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Texas Child Car Seat Laws

Texas Child Car Seat Laws

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According to the National Highway Traffic Safety Administration (NHTSA) statistics, 325 children on average, aged five years and under, survive potentially fatal accidents every year thanks to car seats.

By law, every driver with a child passenger in the vehicle is required to have a car seat to protect them from life-threatening injuries should they be involved in a crash.

That said, there are specific laws that govern the type of car seat you should use based on the age, size, and weight of the child in question. Here’s everything you need to know about Texas car seat laws.

State of Texas Car Seat Laws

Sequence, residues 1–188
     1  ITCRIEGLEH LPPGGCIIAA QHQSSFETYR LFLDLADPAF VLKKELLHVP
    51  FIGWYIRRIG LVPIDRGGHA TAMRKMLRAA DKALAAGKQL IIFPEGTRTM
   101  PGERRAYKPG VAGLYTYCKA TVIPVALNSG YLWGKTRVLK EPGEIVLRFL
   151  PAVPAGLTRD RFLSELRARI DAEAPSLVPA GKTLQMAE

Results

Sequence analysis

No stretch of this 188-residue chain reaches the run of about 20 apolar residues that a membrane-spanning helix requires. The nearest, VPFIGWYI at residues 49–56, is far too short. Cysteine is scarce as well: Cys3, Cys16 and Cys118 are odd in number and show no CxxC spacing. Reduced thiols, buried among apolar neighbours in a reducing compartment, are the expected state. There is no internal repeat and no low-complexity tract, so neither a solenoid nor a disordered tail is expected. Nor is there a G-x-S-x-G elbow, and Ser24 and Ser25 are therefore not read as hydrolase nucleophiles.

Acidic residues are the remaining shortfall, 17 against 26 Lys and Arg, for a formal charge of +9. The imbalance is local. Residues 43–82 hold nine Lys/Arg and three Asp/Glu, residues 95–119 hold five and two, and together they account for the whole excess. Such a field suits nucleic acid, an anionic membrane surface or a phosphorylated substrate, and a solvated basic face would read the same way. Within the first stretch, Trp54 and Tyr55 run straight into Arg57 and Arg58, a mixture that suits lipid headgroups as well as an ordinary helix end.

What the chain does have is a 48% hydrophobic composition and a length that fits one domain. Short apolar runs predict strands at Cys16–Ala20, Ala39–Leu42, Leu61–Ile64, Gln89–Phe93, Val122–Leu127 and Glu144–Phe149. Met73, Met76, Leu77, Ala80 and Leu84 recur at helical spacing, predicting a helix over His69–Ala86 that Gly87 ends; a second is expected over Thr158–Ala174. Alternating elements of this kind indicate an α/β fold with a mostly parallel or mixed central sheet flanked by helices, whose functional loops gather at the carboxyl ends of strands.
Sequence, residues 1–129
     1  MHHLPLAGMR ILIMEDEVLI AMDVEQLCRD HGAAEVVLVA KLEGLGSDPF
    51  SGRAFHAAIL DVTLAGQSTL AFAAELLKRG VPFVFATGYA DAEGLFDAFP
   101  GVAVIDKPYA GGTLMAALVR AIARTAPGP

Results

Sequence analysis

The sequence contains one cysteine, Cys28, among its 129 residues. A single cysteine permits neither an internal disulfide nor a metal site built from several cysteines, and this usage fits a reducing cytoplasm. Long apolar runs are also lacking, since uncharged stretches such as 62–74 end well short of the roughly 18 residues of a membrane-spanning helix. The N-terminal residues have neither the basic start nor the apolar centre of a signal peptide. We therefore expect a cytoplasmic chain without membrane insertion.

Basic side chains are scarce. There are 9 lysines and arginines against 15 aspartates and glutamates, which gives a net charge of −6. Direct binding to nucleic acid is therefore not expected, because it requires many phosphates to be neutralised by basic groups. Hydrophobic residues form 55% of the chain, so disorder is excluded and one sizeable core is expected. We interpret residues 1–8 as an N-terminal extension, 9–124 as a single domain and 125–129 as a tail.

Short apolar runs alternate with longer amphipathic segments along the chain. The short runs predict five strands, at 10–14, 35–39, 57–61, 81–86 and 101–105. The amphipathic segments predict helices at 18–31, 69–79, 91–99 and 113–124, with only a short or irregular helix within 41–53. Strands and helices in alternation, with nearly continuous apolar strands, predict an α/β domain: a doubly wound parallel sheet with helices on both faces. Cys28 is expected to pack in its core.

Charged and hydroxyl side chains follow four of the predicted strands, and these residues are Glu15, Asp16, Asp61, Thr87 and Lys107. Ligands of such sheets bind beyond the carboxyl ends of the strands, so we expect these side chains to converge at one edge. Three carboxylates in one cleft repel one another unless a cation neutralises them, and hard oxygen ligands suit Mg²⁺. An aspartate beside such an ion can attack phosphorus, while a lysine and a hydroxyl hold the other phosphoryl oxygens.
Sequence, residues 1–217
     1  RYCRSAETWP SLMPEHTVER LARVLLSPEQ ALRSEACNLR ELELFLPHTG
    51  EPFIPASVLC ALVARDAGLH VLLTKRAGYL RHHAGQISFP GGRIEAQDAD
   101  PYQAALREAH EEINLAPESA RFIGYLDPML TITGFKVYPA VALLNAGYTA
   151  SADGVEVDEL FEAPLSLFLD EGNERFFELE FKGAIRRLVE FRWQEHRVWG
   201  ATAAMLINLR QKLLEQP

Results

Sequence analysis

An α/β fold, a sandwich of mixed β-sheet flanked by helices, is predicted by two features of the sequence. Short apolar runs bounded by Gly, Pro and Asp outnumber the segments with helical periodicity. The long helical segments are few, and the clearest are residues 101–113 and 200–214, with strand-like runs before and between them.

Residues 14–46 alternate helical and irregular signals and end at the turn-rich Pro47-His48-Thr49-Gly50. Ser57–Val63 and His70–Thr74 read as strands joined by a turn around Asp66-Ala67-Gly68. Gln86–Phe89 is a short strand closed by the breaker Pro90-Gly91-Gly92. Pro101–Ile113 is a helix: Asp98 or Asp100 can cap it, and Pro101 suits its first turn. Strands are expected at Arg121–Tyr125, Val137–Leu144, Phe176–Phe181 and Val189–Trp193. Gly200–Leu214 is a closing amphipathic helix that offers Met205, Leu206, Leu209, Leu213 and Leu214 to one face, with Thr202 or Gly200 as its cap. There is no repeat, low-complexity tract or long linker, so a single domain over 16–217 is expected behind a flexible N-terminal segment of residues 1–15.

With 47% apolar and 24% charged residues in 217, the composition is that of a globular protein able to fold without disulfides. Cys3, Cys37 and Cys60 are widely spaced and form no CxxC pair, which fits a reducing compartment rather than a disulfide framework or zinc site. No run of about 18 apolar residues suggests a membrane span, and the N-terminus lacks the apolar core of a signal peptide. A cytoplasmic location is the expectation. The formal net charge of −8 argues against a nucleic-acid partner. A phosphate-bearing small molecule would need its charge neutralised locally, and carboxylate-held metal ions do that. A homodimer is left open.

Texas state law requires drivers and passengers – adults and children alike – to wear seat belts at all times when traveling in motor vehicles. When it comes to children aged 17 years and below, each of them needs to be secured in a child safety seat or a safety belt if they’re older. If you have a child under the age of eight, they have to ride in a car seat at all times, unless they are taller than 4 ft. 9 in.

On the other hand, an older child who has outgrown a booster seat needs to be buckled in with a seat belt. Failure to do this will result in a ticket fine amounting to $250.

Any child under the age of 13 needs to ride while buckled up in the backseat.

Federal Safety Standards for Car Seats

The federal government oversees the approval process of booster seats and car seats. Manufacturers are required to conduct their own independent tests in accordance with set federal regulations before any car seat can go on the market.

All car seats need to go through testing and certification and should pass the federal 30-mph crash test standard.

Texas Baby Car Seat Laws